The European Banking Authority (EBA) has issued new guidance for financial institutions to bolster plans for ESG-related risks.
The regulator released its Report on Environmental, Social and Governance (ESG) risks management and supervision, which will be a major tool for its ongoing ESG work. The document outlines how ESG factors and risks should be included in the regulatory and supervisory framework for credit institutions and investment firms.
One of the focuses of the report is the resilience of institutions following financial impact of ESG risks in different time horizons. It suggests these assessments should have a comprehensive and forward-looking view, as well as early, proactive actions.
In its report, the EBA explains the impact ESG factors, such as climate change, can have on institutions’ counterparties or invested assets, affecting financial risks. Additionally, it identifies available indicators, metrics and evaluation methods required to make effective ESG risk management.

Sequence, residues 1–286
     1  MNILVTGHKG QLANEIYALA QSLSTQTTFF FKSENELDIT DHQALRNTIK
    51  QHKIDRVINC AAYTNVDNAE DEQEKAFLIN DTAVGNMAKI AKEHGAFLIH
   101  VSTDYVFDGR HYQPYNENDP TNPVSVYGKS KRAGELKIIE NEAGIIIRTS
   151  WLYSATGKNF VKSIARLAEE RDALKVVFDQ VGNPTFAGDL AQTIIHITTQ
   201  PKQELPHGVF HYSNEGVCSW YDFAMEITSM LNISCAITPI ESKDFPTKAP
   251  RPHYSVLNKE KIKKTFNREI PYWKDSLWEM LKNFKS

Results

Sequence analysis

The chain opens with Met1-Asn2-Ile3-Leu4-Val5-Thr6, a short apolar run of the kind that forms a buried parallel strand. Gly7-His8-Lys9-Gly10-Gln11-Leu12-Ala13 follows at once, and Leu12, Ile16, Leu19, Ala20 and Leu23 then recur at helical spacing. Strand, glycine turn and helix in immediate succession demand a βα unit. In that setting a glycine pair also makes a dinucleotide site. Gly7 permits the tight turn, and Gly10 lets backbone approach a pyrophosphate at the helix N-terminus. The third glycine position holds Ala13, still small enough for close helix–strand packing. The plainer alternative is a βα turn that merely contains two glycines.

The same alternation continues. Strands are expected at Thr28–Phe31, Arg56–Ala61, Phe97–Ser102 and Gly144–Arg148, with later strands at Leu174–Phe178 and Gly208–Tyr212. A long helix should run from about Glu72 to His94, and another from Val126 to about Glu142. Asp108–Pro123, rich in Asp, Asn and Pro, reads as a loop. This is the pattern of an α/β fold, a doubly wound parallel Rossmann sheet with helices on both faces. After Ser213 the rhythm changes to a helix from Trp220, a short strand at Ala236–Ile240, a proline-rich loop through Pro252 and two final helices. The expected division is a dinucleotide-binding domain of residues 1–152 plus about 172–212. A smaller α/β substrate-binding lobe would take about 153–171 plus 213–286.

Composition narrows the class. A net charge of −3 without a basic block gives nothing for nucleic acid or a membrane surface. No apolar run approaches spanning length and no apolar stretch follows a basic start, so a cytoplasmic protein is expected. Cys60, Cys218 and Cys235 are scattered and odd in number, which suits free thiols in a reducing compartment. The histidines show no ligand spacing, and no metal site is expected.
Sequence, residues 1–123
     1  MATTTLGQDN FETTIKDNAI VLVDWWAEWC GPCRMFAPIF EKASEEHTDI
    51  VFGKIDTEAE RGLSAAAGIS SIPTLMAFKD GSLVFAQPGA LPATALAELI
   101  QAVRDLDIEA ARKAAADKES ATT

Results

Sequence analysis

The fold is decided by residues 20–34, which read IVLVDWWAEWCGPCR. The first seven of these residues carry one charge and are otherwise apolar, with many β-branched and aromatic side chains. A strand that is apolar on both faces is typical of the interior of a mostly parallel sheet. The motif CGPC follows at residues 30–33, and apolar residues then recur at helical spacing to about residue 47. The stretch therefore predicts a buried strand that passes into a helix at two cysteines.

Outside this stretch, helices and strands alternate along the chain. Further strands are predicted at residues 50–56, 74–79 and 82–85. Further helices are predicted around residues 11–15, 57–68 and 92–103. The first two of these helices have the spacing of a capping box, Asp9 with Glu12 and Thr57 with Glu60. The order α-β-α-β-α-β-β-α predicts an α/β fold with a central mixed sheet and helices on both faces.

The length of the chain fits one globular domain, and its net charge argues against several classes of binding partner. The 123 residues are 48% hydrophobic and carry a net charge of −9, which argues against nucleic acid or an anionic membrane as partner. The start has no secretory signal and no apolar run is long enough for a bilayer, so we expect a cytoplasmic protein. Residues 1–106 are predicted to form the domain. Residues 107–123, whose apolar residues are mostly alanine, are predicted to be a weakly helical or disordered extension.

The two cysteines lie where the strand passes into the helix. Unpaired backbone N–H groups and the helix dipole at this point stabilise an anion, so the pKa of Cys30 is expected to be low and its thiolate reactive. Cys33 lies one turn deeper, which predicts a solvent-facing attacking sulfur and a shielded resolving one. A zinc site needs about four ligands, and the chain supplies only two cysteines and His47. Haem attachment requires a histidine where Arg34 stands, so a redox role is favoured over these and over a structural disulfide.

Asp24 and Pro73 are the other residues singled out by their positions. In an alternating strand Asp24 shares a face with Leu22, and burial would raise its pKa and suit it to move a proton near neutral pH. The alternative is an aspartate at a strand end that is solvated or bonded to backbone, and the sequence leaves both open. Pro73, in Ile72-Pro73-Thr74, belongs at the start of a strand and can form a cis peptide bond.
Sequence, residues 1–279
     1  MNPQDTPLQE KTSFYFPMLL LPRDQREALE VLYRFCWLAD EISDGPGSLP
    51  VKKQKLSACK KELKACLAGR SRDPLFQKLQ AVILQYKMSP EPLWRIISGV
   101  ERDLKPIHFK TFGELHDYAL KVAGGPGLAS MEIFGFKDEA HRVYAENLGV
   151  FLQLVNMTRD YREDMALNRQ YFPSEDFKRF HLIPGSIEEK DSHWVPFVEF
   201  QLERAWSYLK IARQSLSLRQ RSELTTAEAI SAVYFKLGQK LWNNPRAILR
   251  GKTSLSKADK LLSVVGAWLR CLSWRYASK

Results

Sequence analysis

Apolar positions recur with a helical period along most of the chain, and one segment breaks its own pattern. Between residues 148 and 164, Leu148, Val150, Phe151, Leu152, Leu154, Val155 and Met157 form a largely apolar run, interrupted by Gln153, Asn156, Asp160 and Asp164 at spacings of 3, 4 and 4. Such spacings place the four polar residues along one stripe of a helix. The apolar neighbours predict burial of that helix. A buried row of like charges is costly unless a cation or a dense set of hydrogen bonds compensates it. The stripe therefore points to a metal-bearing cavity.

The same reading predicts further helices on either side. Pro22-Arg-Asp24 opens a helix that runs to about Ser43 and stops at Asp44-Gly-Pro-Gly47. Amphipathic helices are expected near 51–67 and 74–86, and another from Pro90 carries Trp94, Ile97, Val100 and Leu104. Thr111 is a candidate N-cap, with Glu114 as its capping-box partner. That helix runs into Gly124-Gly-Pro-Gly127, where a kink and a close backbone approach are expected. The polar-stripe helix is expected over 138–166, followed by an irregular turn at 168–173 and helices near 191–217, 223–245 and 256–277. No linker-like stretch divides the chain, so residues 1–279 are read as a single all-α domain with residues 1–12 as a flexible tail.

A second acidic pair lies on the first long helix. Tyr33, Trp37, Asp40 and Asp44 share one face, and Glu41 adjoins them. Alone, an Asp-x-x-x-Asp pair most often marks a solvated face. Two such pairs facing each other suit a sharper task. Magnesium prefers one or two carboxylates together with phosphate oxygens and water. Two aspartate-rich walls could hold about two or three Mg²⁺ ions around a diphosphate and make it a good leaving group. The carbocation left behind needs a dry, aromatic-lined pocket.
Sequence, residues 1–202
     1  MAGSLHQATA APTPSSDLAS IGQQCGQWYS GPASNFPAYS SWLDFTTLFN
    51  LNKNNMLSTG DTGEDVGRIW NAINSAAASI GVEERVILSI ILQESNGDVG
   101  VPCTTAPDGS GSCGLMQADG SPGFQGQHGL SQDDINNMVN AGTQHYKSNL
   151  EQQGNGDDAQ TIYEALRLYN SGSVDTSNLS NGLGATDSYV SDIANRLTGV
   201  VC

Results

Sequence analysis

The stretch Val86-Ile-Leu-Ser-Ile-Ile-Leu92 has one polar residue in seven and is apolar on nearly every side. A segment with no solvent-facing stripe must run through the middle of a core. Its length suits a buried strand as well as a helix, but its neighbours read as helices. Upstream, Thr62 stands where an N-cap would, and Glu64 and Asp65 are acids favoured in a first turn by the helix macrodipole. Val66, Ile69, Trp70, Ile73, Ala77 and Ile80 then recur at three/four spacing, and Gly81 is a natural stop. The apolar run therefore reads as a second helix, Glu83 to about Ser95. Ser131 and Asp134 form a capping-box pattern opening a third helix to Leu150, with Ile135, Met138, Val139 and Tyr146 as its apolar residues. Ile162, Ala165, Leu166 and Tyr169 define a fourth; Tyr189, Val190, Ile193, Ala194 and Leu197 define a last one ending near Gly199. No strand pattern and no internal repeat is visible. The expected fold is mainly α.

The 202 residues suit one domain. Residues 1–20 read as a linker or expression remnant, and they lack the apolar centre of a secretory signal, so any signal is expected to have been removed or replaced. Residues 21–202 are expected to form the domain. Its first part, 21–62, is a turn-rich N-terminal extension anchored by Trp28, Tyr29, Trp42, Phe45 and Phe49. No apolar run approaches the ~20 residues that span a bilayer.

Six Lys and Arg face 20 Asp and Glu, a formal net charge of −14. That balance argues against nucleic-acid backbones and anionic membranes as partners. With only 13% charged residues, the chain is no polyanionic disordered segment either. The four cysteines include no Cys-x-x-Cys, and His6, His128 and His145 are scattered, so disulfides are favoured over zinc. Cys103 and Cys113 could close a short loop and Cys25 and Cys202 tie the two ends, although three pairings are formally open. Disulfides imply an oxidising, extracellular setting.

Furthermore, the report provides recommendations for institutions to incorporate ESG risks-related considerations in strategies and objectives, governance structures. It also suggests firms manage these risks as drivers of financial risks in their risk appetite and internal capital allocation process. Institutions should also develop methods and approaches to test long-term resilience.
The EBA has made the proposal for a phase-in approach, which will enhance the supervisory review and evaluation. The phase-in approach will begin with the inclusion of climate-related and environmental factors and risks into the supervisory business model and internal governance analysis. It will also encourage companies to establish data and tools for quantification approaches to increase the scope of the supervisory analysis to other elements.
Earlier in the week, Japan’s Financial Services Agency issued recommendations on how to promote sustainable finance in the country. The regulator has an expert panel to explore how financial institutions can invest into Japanese firms that support the carbon-neutral transition.
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